Monday, February 4, 2013

Coming Home: A Day of Milestones

Posted by John Kerry / February 04, 2013
U.S. Secretary of State John Kerry displays his first diplomatic passport, while delivering welcome remarks to U.S. Department of State employees in Washington, D.C., February 4, 2013.  Secretary Kerry was issued the passport while his father served as a U.S. diplomat in Germany; Kerry’s first stamp in it was 1954 in Le Havre. [State Department photo/ Public Domain]

John Kerry serves as the 68th Secretary of State of the United States.
A day of milestones -- here at what I'm learning now to call "the Mothership," they tell me this is the 5,000th blog entry on this page, and it's the first of what I hope will be many opportunities to share thoughts and occasional observations on the challenges ahead.

It's also another day of "firsts" -- the first opportunity to walk through the front doors of the Harry S Truman Building as Secretary of State

In more ways than one, it's a homecoming -- and proof that the American author who said, "You can't go home again," wasn't right about everything.

Last week, as I left the Senate, I said that institution was "in my soul," and it always will be, but I'm very proud that in many ways the Foreign Service is "in my genes" -- a personal connection passed on by my father, Richard.

His travels gave me and my siblings an up close-and-personal education in the sacrifices State Department and USAID families make every day, that when one of them is deployed, so, too, is an entire family -- literally or figuratively. So, I begin this homecoming with a personal appreciation of all that so many experience to make it possible for everyone under the State umbrella to serve, and to serve with great skill.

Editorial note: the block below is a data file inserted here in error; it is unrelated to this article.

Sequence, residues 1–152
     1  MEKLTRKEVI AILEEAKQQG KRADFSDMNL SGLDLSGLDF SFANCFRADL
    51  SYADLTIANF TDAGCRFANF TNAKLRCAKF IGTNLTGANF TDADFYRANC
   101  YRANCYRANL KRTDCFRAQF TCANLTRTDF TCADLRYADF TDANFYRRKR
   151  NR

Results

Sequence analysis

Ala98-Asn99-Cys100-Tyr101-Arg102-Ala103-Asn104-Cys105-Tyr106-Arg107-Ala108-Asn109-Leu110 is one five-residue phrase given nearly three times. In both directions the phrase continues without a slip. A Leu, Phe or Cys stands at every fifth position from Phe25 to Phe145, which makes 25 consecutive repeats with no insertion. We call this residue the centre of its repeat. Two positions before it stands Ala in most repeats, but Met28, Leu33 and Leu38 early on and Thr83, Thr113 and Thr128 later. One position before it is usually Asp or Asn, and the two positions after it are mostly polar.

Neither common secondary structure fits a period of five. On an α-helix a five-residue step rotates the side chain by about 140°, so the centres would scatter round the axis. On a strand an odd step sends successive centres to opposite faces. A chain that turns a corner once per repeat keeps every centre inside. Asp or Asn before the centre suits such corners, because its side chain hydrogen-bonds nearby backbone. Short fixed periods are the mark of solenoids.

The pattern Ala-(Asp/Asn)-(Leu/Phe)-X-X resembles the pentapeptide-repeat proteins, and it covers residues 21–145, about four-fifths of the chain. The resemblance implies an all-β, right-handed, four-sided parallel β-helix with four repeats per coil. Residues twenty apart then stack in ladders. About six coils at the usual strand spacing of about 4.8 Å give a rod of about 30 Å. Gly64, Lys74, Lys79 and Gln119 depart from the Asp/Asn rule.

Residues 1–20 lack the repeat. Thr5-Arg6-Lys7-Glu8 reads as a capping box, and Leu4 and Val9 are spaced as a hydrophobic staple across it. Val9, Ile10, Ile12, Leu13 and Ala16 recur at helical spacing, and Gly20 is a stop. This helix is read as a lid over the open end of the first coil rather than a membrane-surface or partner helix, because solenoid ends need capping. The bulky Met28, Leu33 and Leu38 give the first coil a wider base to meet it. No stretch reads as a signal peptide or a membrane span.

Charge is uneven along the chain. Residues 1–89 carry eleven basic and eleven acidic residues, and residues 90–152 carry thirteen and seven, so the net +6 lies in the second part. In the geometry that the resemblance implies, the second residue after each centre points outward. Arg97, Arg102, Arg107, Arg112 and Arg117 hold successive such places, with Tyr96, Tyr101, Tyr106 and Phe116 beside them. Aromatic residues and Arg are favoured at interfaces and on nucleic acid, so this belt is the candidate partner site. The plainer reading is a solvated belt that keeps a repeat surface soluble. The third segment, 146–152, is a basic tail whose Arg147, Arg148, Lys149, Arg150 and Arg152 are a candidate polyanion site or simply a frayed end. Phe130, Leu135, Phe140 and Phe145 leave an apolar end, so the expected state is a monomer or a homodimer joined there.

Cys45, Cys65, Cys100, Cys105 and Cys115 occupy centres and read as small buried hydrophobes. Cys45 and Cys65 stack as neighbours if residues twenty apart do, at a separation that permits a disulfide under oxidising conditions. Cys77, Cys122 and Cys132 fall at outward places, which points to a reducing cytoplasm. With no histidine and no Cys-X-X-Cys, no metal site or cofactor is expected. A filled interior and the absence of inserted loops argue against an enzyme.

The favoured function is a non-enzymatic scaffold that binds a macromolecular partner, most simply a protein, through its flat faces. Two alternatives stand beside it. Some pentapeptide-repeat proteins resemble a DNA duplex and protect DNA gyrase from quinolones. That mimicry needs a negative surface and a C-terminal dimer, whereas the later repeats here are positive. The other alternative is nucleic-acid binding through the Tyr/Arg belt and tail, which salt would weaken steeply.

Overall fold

Not a day for a filibuster -- but I do want to underscore that I begin this journey with gratitude to all the men and women of the Civil Service, Foreign Service, and USAID who have given me and Teresa such a warm welcome. I am excited for all the work ahead.

These last difficult months, and events in Ankara in the recent days, put another exclamation mark on the dangers inherent in the diplomatic mission overseas. I pledge to make sure that our countrymen know the sacrifice the women and men of the State Department make and the risks they take to advance the interests of our nation. I look forward to supporting their efforts, doing all I can to help protect their safety, and in all of this, never forgetting where I came from: their ranks.

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